Atlas of the Week:
My atlas of the week is the Atlas of Improbable Places by Travis Elborough and Alan Horsfield. With stunning maps designed by Horsfield, this atlas transports readers to some of the most unique destinations on Earth. First, readers journey to ancient cities such as Ani in modern-day Turkey and ruins in Mexico of villages destroyed by lava. Elborough’s enticing writing then steers readers toward the secrets of cities like Beijing and Berlin before illustrating enigmatic destinations such as the Island of Dolls in Mexico and the “Door to Hell” Crater in Turkmenistan. The beautiful marriage of Elborough’s writing and Horsfield’s cartography creates an incredible voyage that traverses some of the most mysterious sites around the world. Critics have deemed the atlas “deliciously gloomy, sometimes spooky, and often kooky”—this atlas is not for the faint of heart, but anyone with a curious and adventurous inkling will certainly devour its creativity.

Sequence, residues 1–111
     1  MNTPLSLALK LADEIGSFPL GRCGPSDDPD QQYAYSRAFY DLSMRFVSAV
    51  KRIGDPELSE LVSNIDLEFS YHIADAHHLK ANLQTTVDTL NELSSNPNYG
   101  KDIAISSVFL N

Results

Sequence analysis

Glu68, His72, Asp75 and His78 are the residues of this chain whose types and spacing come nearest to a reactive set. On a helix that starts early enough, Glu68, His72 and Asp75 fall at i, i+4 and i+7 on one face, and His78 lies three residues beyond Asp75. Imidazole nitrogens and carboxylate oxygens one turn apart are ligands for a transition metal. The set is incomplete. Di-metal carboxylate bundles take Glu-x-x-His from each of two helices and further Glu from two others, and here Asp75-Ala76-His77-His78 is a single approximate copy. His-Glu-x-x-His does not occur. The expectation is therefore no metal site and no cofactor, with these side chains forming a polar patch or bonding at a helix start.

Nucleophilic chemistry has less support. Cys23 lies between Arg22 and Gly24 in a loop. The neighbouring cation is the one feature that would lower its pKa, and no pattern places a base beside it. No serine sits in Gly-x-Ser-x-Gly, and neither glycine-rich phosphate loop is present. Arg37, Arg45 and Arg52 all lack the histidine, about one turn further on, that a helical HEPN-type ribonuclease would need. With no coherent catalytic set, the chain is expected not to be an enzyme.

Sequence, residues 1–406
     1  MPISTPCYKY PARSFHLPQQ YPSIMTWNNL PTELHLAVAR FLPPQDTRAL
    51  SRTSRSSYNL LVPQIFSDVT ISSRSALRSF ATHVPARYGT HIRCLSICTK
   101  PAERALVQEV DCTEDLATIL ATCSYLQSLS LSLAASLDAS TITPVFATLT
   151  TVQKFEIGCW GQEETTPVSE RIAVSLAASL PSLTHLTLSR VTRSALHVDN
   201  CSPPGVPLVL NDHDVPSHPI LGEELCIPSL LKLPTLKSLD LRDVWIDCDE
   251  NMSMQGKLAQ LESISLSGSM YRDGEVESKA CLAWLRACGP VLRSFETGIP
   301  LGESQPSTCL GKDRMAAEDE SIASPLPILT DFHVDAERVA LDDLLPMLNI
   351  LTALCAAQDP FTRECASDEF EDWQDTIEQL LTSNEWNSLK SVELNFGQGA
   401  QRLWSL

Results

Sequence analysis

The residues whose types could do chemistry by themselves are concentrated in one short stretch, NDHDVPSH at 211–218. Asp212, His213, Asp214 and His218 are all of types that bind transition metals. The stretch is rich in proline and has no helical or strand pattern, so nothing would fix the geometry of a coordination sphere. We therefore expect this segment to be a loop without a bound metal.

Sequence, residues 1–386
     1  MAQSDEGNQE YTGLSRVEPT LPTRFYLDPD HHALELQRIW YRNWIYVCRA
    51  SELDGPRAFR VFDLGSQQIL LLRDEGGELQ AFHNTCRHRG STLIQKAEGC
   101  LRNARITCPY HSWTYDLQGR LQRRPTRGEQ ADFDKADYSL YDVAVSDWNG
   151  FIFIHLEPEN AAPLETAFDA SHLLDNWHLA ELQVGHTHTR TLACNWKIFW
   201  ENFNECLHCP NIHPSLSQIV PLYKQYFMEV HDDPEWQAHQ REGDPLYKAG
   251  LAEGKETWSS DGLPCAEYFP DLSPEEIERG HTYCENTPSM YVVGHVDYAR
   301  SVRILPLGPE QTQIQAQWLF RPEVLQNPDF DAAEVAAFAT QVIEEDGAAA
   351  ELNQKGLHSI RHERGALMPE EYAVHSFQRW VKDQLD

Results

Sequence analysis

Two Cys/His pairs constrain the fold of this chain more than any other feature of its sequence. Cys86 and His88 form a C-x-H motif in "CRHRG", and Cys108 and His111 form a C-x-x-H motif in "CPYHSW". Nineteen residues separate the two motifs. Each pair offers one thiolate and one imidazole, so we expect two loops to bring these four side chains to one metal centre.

Blog of the Week:
Open Culture’s map archives offer a very unique and eclectic set of maps. Readers can find maps separating the U.S. into a mere 38 states, depicting all the languages spoken in Europe, illustrating Roman roads in the form of modern subway maps, and from ancient civilizations. Whether readers want to find something visually stunning, uniquely crafted, or historically relevant, there is a map for everyone on Open Culture. It also displays maps sometimes via more unique media such as interactive maps or time lapses.